How Big Is ISIS? Cont'd

Our video team created a slick animation about “the exaggerated influence of ISIS,” featuring a voiceover from Kathy (who recently took charge of our Global section):

This reader believes that ISIS has been blown out of proportion:

Obama was right. They are the JV league: A few thousand combatants, a territory the size of Maryland, no air force, no nukes, no navy, very little armor or artillery. And yet we have blown them up into this existential threat.

The reader is referring to the president’s now infamous comment to The New Yorker: “The analogy we use around here sometimes, and I think is accurate, is if a jayvee team puts on Lakers uniforms that doesn’t make them Kobe Bryant.” Another reader isn’t so sure about that analogy:

It is a JV team that has gotten events cancelled across Europe for security reasons, has European neighborhoods resembling war zones, is costing Europe and the U.S. billions of dollars in security measures, and has cost the lives of hundreds of innocent people in Europe and ten’s of thousands in Africa and Asia.

Obama was wrong.

Uri points out that the president seems to have revised his analogy: In our current cover story, “The Obama Doctrine,” he compares the Islamic State to the Joker in the Dark Knight Batman movie.

Analogies aside, is size really a good metric to use for terrorism? This reader doesn’t think so:

The nature of asymmetric warfare is that they can much more easily change our way of life than vice versa. It is not territory controlled or a body count; it is the number of potential targets. A major airport out for a week is a big deal. Paris in panic is a big deal.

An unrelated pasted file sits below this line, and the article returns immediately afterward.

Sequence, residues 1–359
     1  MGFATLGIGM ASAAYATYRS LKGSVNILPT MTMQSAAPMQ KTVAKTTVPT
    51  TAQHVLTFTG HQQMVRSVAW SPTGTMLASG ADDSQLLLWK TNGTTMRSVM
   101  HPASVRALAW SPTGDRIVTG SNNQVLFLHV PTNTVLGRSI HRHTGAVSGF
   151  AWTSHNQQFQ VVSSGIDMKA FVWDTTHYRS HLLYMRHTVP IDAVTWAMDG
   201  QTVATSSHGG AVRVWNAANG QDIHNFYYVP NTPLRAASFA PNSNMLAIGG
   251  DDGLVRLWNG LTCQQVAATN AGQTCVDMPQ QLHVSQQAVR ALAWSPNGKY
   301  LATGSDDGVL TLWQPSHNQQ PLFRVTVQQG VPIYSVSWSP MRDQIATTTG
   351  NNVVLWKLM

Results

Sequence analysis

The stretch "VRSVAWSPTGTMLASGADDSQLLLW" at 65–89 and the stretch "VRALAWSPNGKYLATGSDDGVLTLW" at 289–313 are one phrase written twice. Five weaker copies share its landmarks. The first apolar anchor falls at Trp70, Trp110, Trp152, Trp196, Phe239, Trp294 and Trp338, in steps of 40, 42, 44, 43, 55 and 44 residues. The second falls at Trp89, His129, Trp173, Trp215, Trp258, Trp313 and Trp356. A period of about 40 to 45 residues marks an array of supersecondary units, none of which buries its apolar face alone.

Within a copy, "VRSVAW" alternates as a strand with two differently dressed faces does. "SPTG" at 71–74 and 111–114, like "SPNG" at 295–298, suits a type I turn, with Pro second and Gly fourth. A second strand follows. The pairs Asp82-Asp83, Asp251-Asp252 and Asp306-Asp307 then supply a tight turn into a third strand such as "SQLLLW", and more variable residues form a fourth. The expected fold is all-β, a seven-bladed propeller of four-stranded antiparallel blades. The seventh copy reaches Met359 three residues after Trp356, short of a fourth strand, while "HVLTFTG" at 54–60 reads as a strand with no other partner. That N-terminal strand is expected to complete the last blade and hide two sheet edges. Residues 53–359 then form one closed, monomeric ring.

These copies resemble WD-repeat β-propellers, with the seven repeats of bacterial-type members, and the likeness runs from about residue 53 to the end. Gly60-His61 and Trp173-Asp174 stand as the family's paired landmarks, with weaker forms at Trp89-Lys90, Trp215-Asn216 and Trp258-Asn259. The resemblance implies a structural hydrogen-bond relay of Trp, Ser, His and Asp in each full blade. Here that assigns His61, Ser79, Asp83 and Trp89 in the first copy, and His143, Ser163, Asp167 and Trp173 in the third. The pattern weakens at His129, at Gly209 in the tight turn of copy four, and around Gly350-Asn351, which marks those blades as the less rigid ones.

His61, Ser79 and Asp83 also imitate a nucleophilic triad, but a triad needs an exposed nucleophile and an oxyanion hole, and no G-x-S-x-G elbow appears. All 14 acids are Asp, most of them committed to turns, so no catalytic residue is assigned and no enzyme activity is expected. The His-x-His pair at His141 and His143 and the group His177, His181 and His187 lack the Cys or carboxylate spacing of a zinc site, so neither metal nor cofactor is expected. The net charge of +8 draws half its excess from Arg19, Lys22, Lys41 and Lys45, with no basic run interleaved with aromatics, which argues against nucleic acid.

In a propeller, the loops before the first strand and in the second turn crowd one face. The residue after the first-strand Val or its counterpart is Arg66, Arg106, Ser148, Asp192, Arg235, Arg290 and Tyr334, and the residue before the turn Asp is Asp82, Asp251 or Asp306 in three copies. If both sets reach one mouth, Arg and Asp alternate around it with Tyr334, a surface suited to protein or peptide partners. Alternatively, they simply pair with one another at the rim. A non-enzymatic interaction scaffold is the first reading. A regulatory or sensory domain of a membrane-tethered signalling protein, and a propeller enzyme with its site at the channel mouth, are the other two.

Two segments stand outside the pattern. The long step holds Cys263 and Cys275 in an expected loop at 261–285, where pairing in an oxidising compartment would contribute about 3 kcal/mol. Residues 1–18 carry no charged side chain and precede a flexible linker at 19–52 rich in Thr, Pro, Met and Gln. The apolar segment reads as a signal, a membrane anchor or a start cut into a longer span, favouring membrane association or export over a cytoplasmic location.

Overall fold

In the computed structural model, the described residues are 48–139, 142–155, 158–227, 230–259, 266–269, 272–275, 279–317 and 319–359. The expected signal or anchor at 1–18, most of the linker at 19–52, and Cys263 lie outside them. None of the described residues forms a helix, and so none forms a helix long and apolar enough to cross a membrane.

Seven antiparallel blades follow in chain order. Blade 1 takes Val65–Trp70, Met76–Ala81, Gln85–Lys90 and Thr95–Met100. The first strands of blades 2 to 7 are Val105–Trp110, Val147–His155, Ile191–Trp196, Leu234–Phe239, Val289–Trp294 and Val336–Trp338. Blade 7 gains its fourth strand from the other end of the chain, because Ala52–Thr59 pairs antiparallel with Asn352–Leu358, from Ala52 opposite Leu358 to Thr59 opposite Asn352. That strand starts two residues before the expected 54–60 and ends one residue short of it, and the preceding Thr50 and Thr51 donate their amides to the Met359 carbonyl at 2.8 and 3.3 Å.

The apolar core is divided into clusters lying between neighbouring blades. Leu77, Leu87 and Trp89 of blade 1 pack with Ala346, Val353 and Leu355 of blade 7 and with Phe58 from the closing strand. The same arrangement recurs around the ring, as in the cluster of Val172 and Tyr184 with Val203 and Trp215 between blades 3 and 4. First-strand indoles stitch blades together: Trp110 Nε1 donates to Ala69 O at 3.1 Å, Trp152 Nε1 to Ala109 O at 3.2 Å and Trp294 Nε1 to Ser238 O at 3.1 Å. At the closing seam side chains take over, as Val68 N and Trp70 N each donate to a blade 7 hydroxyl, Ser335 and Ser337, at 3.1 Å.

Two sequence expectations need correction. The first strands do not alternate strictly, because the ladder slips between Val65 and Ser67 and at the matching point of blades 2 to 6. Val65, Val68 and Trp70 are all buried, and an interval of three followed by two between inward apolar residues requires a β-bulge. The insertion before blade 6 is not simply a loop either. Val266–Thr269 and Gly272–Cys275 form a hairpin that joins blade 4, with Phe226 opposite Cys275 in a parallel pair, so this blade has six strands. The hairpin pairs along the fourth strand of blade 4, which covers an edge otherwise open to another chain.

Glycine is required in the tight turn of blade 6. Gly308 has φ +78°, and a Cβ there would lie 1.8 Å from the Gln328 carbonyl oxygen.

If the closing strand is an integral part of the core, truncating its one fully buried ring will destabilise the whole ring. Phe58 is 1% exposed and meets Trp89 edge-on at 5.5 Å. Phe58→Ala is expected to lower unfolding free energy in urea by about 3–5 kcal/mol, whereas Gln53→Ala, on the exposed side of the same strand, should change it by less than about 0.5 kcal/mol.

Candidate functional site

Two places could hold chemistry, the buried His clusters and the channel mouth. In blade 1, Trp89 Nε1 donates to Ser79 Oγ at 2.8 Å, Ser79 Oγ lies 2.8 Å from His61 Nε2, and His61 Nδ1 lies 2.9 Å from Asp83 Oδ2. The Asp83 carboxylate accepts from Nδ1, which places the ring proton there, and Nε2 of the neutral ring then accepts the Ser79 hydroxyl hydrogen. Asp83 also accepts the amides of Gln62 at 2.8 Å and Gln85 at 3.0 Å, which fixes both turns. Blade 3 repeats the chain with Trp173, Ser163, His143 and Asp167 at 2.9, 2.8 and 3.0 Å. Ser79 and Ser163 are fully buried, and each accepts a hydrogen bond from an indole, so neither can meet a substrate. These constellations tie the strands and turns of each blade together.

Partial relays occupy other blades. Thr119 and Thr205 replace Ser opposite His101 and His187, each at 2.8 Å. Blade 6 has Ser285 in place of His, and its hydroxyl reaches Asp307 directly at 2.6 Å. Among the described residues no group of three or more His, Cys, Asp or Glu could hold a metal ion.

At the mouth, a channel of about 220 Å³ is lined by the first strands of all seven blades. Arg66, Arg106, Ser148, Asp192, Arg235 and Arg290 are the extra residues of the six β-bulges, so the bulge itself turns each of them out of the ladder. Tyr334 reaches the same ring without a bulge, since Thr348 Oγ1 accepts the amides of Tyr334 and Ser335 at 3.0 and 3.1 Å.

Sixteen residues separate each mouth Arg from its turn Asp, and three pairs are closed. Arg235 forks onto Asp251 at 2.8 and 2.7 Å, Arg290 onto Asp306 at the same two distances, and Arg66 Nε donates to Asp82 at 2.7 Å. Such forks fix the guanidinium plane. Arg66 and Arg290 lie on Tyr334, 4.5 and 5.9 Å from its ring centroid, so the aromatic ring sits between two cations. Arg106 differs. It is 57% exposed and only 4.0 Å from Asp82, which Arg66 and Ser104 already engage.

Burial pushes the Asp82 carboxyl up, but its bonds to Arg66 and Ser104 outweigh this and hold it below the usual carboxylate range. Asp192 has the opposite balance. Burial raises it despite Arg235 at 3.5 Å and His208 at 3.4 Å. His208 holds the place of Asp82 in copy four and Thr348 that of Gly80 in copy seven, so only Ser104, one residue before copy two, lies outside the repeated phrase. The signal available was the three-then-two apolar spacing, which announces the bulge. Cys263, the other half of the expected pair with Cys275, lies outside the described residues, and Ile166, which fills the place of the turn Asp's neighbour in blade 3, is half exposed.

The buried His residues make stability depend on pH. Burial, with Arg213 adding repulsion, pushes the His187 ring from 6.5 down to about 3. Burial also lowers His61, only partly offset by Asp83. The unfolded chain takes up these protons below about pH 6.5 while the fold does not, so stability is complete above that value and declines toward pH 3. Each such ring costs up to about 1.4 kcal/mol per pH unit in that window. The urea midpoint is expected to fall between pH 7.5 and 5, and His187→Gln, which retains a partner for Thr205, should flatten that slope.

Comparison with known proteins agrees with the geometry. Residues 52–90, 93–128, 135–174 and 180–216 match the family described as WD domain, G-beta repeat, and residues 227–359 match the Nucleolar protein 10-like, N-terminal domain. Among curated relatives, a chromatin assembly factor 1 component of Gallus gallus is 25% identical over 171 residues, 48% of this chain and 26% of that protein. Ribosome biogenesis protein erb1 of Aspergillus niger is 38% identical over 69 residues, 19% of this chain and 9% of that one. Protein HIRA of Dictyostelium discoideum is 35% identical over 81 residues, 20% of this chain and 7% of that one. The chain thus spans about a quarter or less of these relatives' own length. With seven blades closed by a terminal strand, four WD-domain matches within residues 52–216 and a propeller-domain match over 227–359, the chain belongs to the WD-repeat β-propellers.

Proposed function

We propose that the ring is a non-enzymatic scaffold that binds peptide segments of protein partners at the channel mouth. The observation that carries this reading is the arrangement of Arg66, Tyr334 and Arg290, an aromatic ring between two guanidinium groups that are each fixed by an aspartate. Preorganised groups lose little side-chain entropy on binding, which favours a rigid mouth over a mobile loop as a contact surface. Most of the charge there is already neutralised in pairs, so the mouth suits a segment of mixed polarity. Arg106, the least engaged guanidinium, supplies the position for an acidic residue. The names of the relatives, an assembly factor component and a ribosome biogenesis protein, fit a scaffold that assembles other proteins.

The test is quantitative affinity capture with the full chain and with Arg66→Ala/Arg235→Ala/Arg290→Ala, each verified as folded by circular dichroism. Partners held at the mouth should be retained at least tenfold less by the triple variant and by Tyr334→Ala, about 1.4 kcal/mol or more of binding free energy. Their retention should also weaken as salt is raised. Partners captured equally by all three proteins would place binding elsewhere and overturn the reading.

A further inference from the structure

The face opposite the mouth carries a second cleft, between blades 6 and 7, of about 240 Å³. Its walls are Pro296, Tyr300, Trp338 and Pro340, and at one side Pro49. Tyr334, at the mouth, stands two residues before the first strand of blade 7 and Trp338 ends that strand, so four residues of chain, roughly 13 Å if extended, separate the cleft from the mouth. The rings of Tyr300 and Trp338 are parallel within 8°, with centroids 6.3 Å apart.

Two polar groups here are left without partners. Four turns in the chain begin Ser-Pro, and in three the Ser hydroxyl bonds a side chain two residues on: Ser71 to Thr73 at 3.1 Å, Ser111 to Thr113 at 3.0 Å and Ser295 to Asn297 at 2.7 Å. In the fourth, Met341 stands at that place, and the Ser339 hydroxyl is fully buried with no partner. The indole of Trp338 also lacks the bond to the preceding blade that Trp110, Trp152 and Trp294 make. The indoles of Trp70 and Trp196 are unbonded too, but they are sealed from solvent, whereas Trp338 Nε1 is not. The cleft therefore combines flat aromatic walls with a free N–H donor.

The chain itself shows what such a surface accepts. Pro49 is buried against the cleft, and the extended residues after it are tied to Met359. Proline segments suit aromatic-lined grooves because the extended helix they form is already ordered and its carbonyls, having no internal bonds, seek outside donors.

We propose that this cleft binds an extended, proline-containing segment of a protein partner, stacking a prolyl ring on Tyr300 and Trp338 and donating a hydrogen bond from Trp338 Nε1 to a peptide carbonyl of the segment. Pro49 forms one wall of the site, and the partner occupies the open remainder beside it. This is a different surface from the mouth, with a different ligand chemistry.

Another reader contrasts the ISIS debate with the gun debate:

We Americans are a curious bunch in that we quietly accept the mass carnage in our cities and neighborhoods caused by gun violence. But at the same time, we’re frozen with fear if one of those killings happens to be carried out by a radicalized Muslim.

According to CDC numbers for the nine-year period from 2004 through 2012, there were roughly 316,500 Americans killed by firearms in the United States. Contrast that with the number of Americans killed by terrorism here and around the world during that same period of time: around 310.

Fact-checking that reader’s claim real quick: Back in October, Rolling Stone reported similar numbers for a slightly different range:“316,000 firearm deaths between 2004 and 2013, compared to 313 terrorism deaths.” (CNN reported in December that there were 406,496 firearm deaths and 3,380 terrorism deaths within the broader range of 2001 to 2013, which encompassed 9/11.)

Back to our reader:

In spite of these lopsided numbers, ever since the San Bernardino shootings in early December, Americans have been on high alert and terrorism is the number one issue on voter’s minds, surpassing healthcare, the environment, and the economy. [That was true according to a mid-December Gallup poll in the wake of the San Bernardino and Paris attacks, though by early February, the economy had overtaken terrorism as the key concern, according to polling from NBC News].

Some of our bold elected leaders, not content with “small ideas”—like closing the gun show loophole, restricting the sale of assault-style weapons and large capacity magazines, or restricting gun sales for people on the no-fly lists—have instead keenly zeroed-in on the real solution to the problem: Offering their thoughts and prayers.